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On the bright side

Nov 05,2022 - Last updated at Nov 05,2022

Last week, a number of friends, my family, and I had the pleasure of visiting the Shaumari Wildlife Reserve, and sometime before that the Azraq Wetland Reserve.

Two observations I wish to highlight on the basis of the two visits. The first relates to the network of roads in the area, and the second to the two reserves themselves and other reserves and protected areas throughout the country.

Regarding the network of roads connecting Zarqa and Azraq, and the various points of attraction in between, one cannot but notice and be impressed by its outstanding quality, robustness, spaciousness and elegance, making the drive not only safe and comfortable, but in fact pleasurable.

Such a remarkable achievement is clearly attributed to the vision and hard work of those who planned and those who implemented this milestone project, as well those Arab countries which offered the necessary financial support.

A project like this is highly appreciated because it achieves several targets at once: making travel safe, boosting mobility within the country, stimulating trade, and encouraging tourism.

The Jordanian desert is beautiful and magical; it will certainly be a great tourist attraction if those concerned give it the attention and priority it deserves.

Building on such an example, one hopes that the rest of the road network in the region itself and throughout Jordan will receive similar planning and action so as to enable us to realise the leap we have been hoping for within the transportation sector, one which will definitely give a push to the economy and, ultimately, people’s happiness.

What we have seen is certainly heart-warming.

The second observation pertains to the two reserves, behind each of which is a story which can be fully grasped only upon paying them a visit.

The Shaumari Reserve epitomises the success story of rehabilitating the Arabian Oryx and bringing it back to its original home, after near extinction due to excessive hunting and other causes.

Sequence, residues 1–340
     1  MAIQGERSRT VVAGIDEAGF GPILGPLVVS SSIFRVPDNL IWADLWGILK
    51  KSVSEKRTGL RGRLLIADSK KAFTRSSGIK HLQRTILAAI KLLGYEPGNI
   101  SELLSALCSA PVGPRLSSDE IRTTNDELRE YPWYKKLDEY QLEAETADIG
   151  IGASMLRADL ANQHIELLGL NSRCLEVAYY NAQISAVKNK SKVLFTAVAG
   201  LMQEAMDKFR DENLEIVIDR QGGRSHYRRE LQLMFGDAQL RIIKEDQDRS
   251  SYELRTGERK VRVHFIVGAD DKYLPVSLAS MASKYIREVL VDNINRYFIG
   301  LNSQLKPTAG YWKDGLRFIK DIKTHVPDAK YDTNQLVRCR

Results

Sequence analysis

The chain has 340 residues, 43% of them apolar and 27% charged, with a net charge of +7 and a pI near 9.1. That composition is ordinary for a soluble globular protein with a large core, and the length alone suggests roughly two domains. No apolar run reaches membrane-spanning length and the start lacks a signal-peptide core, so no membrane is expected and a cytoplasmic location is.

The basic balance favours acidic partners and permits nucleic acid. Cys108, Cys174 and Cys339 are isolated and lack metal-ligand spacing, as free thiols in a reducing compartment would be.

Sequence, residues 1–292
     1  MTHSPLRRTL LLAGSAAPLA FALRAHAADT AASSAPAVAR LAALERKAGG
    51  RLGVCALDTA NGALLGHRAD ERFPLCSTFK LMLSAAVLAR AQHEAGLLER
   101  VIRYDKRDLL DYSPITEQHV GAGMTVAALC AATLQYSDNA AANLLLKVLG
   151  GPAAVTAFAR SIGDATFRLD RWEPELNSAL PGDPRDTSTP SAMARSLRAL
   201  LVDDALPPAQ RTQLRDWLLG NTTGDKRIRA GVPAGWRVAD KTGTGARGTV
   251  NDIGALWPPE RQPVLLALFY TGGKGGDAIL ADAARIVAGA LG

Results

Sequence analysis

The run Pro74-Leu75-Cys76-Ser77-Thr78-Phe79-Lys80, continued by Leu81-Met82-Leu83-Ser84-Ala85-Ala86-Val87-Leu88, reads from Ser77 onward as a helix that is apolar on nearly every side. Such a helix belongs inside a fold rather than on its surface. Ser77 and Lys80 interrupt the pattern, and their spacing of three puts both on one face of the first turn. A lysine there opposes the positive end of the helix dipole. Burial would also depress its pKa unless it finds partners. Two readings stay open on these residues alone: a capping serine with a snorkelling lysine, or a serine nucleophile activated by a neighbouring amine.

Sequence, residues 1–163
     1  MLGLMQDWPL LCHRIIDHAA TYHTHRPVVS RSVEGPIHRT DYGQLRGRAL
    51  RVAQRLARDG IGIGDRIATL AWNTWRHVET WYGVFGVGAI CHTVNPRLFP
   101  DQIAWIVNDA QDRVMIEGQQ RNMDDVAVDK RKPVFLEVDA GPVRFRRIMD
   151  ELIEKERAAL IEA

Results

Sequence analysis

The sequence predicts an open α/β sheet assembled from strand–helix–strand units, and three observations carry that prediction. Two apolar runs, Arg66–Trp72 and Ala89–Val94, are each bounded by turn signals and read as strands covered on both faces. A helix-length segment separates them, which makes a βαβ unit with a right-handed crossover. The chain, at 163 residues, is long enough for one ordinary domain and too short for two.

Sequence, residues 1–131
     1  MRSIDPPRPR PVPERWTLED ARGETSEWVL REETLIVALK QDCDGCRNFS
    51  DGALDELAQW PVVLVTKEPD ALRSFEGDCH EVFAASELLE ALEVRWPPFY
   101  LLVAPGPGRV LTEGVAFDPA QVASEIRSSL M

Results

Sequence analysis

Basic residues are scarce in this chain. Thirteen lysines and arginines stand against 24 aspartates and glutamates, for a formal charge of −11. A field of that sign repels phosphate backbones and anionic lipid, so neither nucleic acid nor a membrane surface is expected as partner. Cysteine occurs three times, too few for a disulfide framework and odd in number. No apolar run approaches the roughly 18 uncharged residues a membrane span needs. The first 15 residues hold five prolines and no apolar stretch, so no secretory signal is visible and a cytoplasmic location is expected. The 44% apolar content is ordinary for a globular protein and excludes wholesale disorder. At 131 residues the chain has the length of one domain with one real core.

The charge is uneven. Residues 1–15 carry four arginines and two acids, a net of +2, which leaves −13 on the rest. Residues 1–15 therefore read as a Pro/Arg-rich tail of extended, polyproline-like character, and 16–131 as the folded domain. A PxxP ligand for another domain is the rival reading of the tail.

The Reserve has been built on the basis of scientific studies and wise, meticulous planning, and it is slowly restoring the Arabian Oryx to what hopefully will be its status in the good old days.

In addition to the oryx, with its bright, white colours and beautiful, wide eyes which Arab poets wrote famously about, we were able to spot several rare birds, in addition to a wide variety of plants.

As for the Azraq Wetland Reserve, it also embodies the success story of restoring water to a key stop for global migrating birds.

Up until the 1960s and 1970s, the area was famous for its oases with abundance of water. Due to unwise, mismanaged water consumption, for drinking and other purposes, the oases almost dried up, seriously threatening the lives of thousands of migrating and local birds  —  as well as rare buffalos and plants.

Rehabilitating the oases enabled the area to recuperate slowly and for birds, buffalos, and plants to live safely and happily in such a beautiful spot.

Perhaps the most important function of these two reserves, and others in the country, was articulated during the trip by my youngest son. “What I like most,” he said, “is seeing the animals happy in their natural habitat; not like zoos where the poor animals are confined in artificial settings.”

And truly, this is where we in Jordan excelled: through protecting reserves, and not setting up zoos which have been receiving increased criticism.

We hope to see more reserves set up.

I have felt compelled to highlight these two positive observations in this article, and to extend big thanks to all those who have contributed to our safe and spacious modern roads, and to protecting our plants and animals in ingenious ways.

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